"Well behaved women seldom make history."-Laurel Thatcher Ulrich

  • invalid-0

    because otherwise we would have to agree that abortion is okay if the woman’s circumstances make it a “good” option.

    Ding ding ding! We have a winner!

    That’s exactly the point, Progo35. As much as you may personally disapprove of a woman who has an abortion, your disapproval, and the associated judgment of moral failure, are yours alone. Where many moral claims and judgments can be made with an air of universality, because most people agree with them (e.g. “murder is bad”), abortion is a special case.

    Why? Because there are many, many, many people who believe that abortion is not the evil thing you believe it to be. Good, decent people, who have as much claim as you do to being upstanding moral agents. Some pro-lifers would equivocate with “Well, murderers sure think murder is OK” or “Lots of decent people believed in slavery, too,” but these supposed parallels fall flat when you consider the full range of what pro-choicers stand for. We’re not baby-haters, and we don’t think abortion is a dandy thing that every woman should experience at least once. We start from a position of respect for women, for sexuality, for accurate information, for the resources human beings need to make the decisions they want to make (which usually doesn’t include abortion, if they can help it).

    You’re never going to get agreement on whether all abortions are bad, or all abortions are good. You’re never going to get God or some other supreme being to step in, and settle the debate. You’re never going to be able to make the claim that women who have abortions made the wrong choice, independently of your own biases on the matter. You may believe in the truth of that with all your heart, yet that does not in any way trump the Great Disagreement. People on the other side believe in their view just as strongly as you; does that invalidate your side?

    The only sane way to resolve the conflict is the same way we’ve resolved many other conflicts, all the way down to Coke vs. Pepsi: Allow both options, and let people work out the moral calculus for themselves. I know that the “If you don’t like abortion, don’t have one” line is trite, but there is a power in that idea that few people appreciate. You really do have the liberty to make that choice, and live in accordance with your beliefs.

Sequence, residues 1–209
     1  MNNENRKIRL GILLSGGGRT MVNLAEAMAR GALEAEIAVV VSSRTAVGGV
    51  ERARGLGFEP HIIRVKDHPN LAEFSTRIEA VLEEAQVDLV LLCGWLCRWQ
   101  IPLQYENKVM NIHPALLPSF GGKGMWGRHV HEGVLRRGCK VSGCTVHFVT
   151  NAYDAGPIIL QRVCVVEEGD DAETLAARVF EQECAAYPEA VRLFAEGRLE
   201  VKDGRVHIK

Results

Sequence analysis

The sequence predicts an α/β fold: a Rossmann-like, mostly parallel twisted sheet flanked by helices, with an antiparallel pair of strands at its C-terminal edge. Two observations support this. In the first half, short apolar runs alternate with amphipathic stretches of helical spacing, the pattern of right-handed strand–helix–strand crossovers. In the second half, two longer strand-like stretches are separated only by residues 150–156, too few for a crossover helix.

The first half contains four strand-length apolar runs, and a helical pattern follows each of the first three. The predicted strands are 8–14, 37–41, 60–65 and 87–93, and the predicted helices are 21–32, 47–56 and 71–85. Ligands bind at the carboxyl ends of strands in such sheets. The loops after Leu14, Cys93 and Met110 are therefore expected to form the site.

You can also continue to cast negative judgment on women who have abortions, but in the end, not acknowledging the validity of the belief that abortion can be moral is self-deceit. It’s like a superstition—a metaphysical presumption about the world that is only true in your mind, and can cause you needless grief and anxiety. Why not let it go, and trust the judgment of pregnant women?

    That’s not to say that anything goes, either. If you have a woman, who has access and knowledge of contraception, repeatedly becomes pregnant, waits until the sixth month, and aborts, several times in a row, willfully… then yeah, you can say that’s immoral. But a woman like that is a cartoon. It’s the villian with a top hat, monocle and handlebar mustache—we worry about him, but he doesn’t exist. To say nothing of the fact that abortion in itself is somewhat its own punishment; it’s an invasive, unpleasant surgical procedure. No one does it for fun, any more than one has a tonsillectomy for fun!